Navigator CO2 Ventures announced June 7 they will be providing carbon capture, utilization and storage (CCUS) services to POET on the planned Heartland Greenway system.
POET has 18 bioprocessing facilities across Iowa, Nebraska and South Dakota, and is regarded as the world’s largest producer of biofuel and a leader in sustainable products. The agreement would move approximately 5 million metric tons of CO2 annually, taking the total amount to 10 million tons across the Heartland Greenway system.
If approved by the Iowa Utilities Board (IUB), the pipeline will be operational in 2025, according to a press release.
“We recognize that now is the time to take bold action to preserve our planet for future generations,” said Jeff Broin, POET founder and CEO, in a statement.
Navigator also entered into a 20-year agreement with Big River Resources in May to provide turnkey CCUS services on the Heartland Greenway system. More than one million metric tons of CO2 will be moved under the plan.
The $3 billion Navigator project, a 1,300-mile path traversing several counties in Iowa, originally including Benton, Linn and Iowa counties, would collect carbon dioxide emissions from fertilizer and ethanol plants to be transported, in liquefied form, to underground storage facilities in Illinois.
A newly released map of the pipeline’s path from Navigator shows the pipeline will no longer run through the Corridor after all.
“The map has been updated to reflect new partnerships with several facilities throughout the project’s footprint,” Navigator spokesperson Andy Bates told the CBJ. “The Heartland Greenway CCS platform will no longer be crossing through Cedar, Jones, Linn, Benton, Iowa and Poweshiek counties.”
Elizabeth Burns-Thompson, vice president of government and public affairs, said in January the pipeline would no longer run through Cedar County, according to the Clinton Herald.
That announcement was sparked by Archer Daniels Midland’s (ADM) decision to partner with Wolf Carbon Solutions to build a 350-mile pipeline for the capture, compression and transportation of carbon dioxide produced at ADM’s ethanol facilities in Cedar Rapids and Clinton. That pipeline would transport 12 million tons of CO2.
Mr. Bates said the Heartland Greenway platform will not be servicing the ADM facilities and there are no planned interconnections at this time.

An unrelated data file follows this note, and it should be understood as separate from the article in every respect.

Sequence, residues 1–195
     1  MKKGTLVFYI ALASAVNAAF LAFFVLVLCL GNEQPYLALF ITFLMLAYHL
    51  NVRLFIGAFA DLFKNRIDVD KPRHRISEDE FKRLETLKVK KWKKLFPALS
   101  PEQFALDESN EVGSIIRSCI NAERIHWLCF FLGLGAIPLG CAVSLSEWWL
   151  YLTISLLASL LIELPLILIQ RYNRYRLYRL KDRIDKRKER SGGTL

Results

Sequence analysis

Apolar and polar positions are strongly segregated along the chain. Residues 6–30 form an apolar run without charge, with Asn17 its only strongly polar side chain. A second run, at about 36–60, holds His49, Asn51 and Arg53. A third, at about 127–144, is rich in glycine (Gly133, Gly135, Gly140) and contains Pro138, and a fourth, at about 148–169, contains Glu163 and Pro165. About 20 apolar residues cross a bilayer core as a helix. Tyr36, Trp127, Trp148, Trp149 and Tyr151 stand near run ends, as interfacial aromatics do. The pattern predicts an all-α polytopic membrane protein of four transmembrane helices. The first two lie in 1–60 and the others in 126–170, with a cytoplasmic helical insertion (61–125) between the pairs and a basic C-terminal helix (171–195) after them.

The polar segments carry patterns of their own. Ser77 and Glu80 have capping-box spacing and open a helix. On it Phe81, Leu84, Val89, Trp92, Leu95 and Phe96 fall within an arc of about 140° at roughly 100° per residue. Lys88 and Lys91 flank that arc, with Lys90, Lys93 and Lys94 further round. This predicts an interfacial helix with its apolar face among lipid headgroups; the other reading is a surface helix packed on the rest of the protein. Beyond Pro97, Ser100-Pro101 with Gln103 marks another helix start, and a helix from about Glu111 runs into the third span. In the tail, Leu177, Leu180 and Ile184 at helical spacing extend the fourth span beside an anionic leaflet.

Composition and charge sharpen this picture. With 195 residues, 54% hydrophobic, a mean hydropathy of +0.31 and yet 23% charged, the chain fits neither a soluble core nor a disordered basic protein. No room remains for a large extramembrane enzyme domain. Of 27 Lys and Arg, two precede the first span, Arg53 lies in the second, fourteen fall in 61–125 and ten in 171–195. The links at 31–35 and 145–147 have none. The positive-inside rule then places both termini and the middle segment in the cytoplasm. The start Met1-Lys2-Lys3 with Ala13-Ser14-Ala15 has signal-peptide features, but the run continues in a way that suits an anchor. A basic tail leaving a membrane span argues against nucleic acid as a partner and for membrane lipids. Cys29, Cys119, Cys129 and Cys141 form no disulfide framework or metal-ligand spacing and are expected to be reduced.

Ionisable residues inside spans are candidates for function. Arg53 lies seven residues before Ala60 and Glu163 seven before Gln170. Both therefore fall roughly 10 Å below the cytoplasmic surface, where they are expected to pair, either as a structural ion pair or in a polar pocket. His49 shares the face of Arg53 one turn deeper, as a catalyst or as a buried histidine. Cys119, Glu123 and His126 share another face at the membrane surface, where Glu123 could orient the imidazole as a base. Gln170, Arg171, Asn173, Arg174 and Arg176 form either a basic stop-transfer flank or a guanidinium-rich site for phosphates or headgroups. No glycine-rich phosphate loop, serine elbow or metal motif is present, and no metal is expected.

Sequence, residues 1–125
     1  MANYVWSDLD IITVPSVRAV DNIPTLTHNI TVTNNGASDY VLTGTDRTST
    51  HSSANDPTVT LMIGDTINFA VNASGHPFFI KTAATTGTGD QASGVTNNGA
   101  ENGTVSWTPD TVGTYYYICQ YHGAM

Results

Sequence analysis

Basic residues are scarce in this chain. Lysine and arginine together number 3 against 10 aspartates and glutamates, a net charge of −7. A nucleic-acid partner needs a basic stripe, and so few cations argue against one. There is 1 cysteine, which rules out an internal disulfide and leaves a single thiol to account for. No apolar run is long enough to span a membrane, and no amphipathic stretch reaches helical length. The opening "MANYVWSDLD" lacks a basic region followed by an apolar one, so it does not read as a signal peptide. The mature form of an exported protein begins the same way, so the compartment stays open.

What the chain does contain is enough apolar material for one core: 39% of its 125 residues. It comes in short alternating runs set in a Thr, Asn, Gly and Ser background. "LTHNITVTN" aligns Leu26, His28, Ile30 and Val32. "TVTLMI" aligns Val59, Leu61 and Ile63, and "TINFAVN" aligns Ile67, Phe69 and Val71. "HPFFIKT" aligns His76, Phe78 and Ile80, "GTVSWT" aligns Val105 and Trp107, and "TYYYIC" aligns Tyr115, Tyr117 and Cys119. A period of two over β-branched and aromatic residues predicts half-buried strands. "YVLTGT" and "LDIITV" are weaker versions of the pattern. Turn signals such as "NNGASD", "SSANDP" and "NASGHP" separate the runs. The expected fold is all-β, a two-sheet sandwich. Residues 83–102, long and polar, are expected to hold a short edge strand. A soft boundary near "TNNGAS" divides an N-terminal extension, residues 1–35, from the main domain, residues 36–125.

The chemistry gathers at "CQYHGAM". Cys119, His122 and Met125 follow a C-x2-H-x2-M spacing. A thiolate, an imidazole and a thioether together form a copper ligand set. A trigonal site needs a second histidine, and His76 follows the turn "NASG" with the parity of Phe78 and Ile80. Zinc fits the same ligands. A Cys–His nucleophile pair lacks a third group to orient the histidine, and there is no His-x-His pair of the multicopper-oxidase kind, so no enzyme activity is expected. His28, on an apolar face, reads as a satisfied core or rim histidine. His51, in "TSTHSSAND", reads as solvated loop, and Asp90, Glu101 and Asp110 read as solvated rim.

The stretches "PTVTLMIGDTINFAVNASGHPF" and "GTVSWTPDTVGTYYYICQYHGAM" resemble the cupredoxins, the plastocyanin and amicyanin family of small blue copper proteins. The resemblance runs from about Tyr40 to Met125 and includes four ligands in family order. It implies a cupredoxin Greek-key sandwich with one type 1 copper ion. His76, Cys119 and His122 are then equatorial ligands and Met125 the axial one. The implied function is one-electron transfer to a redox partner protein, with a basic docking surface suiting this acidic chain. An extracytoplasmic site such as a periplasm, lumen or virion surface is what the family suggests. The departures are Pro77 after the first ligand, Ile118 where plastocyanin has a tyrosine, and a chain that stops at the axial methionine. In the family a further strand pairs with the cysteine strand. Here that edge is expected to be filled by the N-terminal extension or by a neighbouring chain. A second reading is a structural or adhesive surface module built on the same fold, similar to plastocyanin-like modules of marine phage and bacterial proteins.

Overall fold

Maps for the ADM pipeline have yet to be released.
The Linn County Board of Supervisors submitted its formal opposition to Navigator using eminent domain to obtain right-of-way easements in January following concern and anger raised by environmental groups and landowners at Iowa Utility Board informational meetings held across the state.
Critics say the pipeline is unsafe and goes against the interests of residents who live on and use the land daily, while Navigator — and other pipeline companies — insist the CO2 pipelines are safe and crucial in reducing greenhouse gas emissions.
“The Midwest’s carbon capture pipeline battle is pitting the biggest industry players against the very farmers who supply them” said Emma Schmit, Food & Water Watch senior Iowa organizer. “Carbon capture is a false solution to our climate crisis, sucking up billions in public dollars to throw at private companies, while leaving farmers, landowners and communities like mine to foot the bill when things go wrong.”
A petition filed with the IUB by the College Community School District expressed concern that previous Navigator pipeline paths would run through an elementary school under construction and will be occupied by fall 2023, and through undeveloped land that could be used for future expansion.
It is just one of three carbon dioxide pipelines that out-of-state infrastructure companies are seeking approval from the Iowa Utilities Board.
Apart from the Navigator and ADM pipelines, the third proposal is from Summit Carbon Solutions. They filed a permit request for a $4.5 billion, 2,000-mile pipeline, according to the Des Moines Register. The Summit pipeline will not run through the Corridor.